My family has been farming in central Illinois for multiple generations. I now partner with another farmer to grow about 1,800 acres of soybeans and corn. My wife, Jayne, and I have one son and daughter-in-law.
Farmers have the ability to be a powerful group when we make our voices heard about the issues impacting agriculture. I really became a believer in this when I was in Springfield and the biodiesel tax incentive passed. As I watched, I could see the results of all the hard work to pass the vote.
Advocacy impacts the farm on multiple levels
Advocacy has the ability to affect our farm operations in so many different ways, starting with protecting us from overregulation.
That’s why I’m so vocal about water regulations. Being in the Mississippi River basin, we do need to be aware of what we’re doing and how we’re doing it. But, if we want to have a say in what we do, we need to be proactive in speaking out.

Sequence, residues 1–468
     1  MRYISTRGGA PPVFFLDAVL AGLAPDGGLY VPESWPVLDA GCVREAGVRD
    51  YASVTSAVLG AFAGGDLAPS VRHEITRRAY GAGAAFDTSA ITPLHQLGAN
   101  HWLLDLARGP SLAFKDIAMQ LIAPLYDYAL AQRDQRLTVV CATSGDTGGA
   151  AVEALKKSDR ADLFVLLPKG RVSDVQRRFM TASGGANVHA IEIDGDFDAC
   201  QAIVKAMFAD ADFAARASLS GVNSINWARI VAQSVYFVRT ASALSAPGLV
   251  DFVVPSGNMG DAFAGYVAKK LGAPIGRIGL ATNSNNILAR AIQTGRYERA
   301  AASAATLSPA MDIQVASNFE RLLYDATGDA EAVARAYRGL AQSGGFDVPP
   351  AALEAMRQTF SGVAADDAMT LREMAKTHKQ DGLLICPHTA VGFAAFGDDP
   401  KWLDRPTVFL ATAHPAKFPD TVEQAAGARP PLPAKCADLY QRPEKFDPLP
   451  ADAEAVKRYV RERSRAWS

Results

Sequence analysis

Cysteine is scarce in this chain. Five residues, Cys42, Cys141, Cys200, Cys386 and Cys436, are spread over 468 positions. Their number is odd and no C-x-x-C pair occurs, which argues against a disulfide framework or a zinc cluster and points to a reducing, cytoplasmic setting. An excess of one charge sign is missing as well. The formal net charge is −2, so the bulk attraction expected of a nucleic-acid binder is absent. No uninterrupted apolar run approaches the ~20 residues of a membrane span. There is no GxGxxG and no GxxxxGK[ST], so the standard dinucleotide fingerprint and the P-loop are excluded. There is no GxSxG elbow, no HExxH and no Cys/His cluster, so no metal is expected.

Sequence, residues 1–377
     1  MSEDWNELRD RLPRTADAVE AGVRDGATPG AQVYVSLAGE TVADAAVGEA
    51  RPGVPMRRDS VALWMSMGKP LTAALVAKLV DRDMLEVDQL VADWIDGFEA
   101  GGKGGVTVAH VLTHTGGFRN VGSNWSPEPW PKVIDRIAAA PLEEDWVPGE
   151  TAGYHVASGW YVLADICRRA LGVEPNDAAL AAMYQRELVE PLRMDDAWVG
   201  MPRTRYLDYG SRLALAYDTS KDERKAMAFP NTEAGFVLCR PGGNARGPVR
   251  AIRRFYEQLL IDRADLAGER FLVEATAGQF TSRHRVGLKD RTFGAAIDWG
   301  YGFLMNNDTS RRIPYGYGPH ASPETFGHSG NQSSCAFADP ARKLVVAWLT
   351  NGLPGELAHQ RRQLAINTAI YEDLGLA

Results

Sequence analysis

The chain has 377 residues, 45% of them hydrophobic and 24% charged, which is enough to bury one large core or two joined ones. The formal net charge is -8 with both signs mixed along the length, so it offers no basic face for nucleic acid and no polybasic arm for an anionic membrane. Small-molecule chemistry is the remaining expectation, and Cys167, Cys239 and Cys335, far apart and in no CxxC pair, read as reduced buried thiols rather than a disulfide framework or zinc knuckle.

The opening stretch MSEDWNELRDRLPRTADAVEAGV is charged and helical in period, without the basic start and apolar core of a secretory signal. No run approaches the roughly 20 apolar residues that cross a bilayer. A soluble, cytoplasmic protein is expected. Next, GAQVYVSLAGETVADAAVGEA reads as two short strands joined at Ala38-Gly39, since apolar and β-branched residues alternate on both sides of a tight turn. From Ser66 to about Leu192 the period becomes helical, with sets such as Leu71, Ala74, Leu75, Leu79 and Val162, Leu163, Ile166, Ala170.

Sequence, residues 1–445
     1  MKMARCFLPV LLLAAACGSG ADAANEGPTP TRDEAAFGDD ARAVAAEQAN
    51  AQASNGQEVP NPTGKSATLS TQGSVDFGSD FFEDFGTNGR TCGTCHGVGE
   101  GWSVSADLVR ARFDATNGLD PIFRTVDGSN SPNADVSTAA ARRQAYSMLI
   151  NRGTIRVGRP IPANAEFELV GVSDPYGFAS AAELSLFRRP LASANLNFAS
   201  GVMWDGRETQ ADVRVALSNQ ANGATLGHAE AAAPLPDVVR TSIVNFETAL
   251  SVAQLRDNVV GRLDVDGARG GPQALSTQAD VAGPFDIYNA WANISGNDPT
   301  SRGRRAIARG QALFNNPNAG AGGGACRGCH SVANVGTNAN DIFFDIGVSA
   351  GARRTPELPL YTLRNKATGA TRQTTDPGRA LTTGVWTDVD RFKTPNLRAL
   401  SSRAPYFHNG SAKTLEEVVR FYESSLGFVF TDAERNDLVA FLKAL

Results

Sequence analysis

Understanding the farmer’s voice
We represent a very small percentage of the population, meaning lawmakers and regulators know very little about how we farm. They need to hear how legislation or regulations will impact our farm in a positive or negative way.
Taking action on Voice for Soy does make a difference. The action alerts have all the background information right there, including the operational impact, and they make it easy to respond.
Don’t underestimate the importance of a phone call or email. It really can have an impact, whether in Springfield or Washington D.C.
Ron Kindred has stayed active in organizations like the Illinois Soybean Growers (ISG) board of directors and the American Soybean Association (ASA), where he served as vice president. He currently serves as a director on the Logan County Farm Bureau board.